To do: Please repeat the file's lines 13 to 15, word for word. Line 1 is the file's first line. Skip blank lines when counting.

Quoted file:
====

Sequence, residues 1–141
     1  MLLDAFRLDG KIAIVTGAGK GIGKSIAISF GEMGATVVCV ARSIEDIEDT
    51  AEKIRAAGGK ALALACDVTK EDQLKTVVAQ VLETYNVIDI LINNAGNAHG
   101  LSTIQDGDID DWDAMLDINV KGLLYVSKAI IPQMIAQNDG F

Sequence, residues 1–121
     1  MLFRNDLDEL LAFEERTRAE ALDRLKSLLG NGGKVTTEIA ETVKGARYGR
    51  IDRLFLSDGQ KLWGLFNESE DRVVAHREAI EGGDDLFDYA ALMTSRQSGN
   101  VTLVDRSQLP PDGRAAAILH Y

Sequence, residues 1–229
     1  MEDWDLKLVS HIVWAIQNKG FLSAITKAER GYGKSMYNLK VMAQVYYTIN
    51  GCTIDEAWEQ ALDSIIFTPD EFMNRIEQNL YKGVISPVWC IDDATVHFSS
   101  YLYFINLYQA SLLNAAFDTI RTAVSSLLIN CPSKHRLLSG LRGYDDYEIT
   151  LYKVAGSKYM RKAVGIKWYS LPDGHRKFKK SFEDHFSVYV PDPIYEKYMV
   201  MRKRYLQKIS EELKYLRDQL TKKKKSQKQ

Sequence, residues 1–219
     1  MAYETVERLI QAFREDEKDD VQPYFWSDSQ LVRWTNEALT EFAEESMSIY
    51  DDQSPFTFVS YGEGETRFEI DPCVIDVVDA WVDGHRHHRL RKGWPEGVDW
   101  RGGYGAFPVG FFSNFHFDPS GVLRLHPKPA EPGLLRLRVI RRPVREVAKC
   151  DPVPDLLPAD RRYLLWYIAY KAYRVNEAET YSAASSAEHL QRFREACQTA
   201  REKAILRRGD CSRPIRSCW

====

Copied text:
   151  LYKVAGSKYM RKAVGIKWYS LPDGHRKFKK SFEDHFSVYV PDPIYEKYMV
   201  MRKRYLQKIS EELKYLRDQL TKKKKSQKQ

Sequence, residues 1–219